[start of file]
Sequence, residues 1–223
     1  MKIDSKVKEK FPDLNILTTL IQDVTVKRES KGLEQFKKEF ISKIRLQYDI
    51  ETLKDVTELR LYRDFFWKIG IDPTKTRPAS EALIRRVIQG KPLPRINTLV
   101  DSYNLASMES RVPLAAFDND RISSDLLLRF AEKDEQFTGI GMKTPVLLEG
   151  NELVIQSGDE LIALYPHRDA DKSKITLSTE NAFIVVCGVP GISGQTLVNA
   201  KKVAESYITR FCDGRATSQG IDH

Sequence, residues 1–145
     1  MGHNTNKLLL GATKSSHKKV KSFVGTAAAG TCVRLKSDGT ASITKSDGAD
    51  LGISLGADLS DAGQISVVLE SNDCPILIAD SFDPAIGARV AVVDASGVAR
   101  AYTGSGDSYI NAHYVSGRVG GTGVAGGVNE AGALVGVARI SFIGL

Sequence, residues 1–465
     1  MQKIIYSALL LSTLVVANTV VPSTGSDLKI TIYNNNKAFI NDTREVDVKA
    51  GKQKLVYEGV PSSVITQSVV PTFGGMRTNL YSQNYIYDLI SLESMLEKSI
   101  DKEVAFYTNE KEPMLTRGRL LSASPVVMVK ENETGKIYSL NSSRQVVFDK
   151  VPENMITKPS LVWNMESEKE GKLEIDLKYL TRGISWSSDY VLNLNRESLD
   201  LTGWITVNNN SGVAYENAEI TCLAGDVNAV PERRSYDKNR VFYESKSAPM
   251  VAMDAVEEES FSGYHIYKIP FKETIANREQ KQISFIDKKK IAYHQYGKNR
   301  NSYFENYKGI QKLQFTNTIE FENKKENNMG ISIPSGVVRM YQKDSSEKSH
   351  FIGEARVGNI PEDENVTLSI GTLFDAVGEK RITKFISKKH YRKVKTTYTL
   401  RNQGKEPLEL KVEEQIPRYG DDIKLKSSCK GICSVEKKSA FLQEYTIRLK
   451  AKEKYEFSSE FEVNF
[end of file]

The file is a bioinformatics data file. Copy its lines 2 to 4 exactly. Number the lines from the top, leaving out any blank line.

     1  MKIDSKVKEK FPDLNILTTL IQDVTVKRES KGLEQFKKEF ISKIRLQYDI
    51  ETLKDVTELR LYRDFFWKIG IDPTKTRPAS EALIRRVIQG KPLPRINTLV
   101  DSYNLASMES RVPLAAFDND RISSDLLLRF AEKDEQFTGI GMKTPVLLEG